For our first project involving the color wheel, my fifth graders are making Mandalas. We begin the lesson with a great discussion on their origin and talk a lot about symmetry and radial design. Students should be familiar with basic symmetry so talking about the concept of a symmetry that rotates around a center point usually comes easily. I use lots of examples of Mandalas in my presentation and definite talk about how with large scale Mandalas, they are made with sand and brushed away to remind us of life’s temporary qualities.
From there, using a circle template, students trace the circle and cut it out. Because this happens the same day as the discussion, there is only time left to fold the Mandala. First have them fold it in half, then a fourth, then an eighth. I had students unfold their Mandala and then re-crease each pie slice individually so they were more defined which helps on day two a lot.
After they fold it and re-crease it, some students choose to fold it again and trim the curve so it is more of a perfect circle. This is optional, as many students get stressed by this action.
This ended my Day 1 (40 minute classes).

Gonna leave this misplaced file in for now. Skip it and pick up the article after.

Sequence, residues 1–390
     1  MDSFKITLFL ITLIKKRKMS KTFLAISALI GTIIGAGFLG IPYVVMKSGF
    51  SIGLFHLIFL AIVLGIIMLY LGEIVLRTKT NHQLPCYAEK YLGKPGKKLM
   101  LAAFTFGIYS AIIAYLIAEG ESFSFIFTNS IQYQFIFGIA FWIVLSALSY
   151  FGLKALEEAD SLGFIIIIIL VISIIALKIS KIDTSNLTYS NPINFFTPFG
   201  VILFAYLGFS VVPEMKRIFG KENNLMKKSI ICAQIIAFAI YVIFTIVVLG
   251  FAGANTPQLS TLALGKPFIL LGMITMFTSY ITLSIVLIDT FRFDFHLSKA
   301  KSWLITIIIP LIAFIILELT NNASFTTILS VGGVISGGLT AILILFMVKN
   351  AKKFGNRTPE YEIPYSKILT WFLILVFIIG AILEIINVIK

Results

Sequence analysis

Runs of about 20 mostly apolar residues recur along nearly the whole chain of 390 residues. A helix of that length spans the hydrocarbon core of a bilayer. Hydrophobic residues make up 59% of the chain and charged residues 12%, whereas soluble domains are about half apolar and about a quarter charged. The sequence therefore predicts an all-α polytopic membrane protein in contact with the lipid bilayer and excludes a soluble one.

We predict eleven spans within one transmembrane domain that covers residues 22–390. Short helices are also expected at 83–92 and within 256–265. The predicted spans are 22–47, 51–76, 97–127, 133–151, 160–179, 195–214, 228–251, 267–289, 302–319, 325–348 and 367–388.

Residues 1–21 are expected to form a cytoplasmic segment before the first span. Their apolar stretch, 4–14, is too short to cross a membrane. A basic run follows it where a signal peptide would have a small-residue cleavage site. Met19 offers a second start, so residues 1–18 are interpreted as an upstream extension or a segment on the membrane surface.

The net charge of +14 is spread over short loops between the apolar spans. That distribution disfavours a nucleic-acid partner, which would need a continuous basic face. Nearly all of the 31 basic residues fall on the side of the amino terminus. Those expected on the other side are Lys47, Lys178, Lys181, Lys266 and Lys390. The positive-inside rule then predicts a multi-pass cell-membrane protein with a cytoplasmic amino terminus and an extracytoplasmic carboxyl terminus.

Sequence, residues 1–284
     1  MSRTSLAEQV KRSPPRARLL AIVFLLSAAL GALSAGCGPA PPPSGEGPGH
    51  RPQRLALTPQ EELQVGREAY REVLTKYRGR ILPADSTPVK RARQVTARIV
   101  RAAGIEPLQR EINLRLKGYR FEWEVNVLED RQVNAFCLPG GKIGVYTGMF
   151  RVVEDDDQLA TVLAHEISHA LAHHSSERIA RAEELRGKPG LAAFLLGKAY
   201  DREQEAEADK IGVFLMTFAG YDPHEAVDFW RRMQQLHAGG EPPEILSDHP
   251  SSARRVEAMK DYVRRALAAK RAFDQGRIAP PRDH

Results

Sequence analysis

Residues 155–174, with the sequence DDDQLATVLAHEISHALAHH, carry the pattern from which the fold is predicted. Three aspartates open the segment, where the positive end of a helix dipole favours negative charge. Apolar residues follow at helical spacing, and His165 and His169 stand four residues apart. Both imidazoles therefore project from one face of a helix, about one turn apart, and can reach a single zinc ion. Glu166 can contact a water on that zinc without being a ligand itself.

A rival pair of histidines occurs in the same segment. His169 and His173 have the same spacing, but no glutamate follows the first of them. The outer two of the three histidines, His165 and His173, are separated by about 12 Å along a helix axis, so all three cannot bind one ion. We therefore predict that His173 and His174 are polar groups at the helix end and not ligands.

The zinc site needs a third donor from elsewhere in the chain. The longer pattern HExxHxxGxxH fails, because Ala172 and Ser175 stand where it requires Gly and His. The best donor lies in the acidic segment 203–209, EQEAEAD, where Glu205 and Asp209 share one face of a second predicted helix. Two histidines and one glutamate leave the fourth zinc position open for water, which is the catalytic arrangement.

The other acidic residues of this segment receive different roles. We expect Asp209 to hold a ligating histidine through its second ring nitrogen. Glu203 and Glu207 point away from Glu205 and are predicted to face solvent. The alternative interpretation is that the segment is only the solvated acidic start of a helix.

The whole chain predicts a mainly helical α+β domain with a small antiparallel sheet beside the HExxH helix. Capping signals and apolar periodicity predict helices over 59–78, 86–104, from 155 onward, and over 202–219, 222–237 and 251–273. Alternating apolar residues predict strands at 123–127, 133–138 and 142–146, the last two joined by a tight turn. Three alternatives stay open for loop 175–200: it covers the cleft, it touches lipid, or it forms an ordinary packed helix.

Day 2 has been my favorite so far but I am sure that will change. Students come to class and refresh my memory on Mandalas. I find this most valuable because it holds their learning accountable. Once they remind me of where Mandalas come from and what they represent, we move on to the transfer.
They gather around my demo table and I first show them that they will make a line design in one pie slice. They can have a minimum of 6 lines but get more complicated if they want. Encourage them to have their lines go from one side of the pie slice to the other because the transfer will work better. And to press hard with the pencil! I have students use soft drawing pencils because the lead is loose and therefor transfers better.
Once students have done their first design. Have them fold that pie slice over onto it’s face and onto the section directly beside this. I know this is hard to describe but some of the upcoming images will help. Have students use the back side of something (I had them use the handles of my plastic scissors) and rub the two sides (the design and the blank side) together very hard. Once they are done rubbing, they can open their Mandala up and they will see their design lightly transferred over. Have the students retrace this side and then repeat the transfer process.
This was so rewarding! Students loved that their design was easily transferred over to each pie slice. As I had explained to students, this process was more time consuming but overall, made the project look much neater because you had a template to work from. Instead of redrawing the same designing and hoping it all lines up!
Next time – we finish our design transfers and begin to fill in each pie slice with different shades of the color wheel. Stay tuned!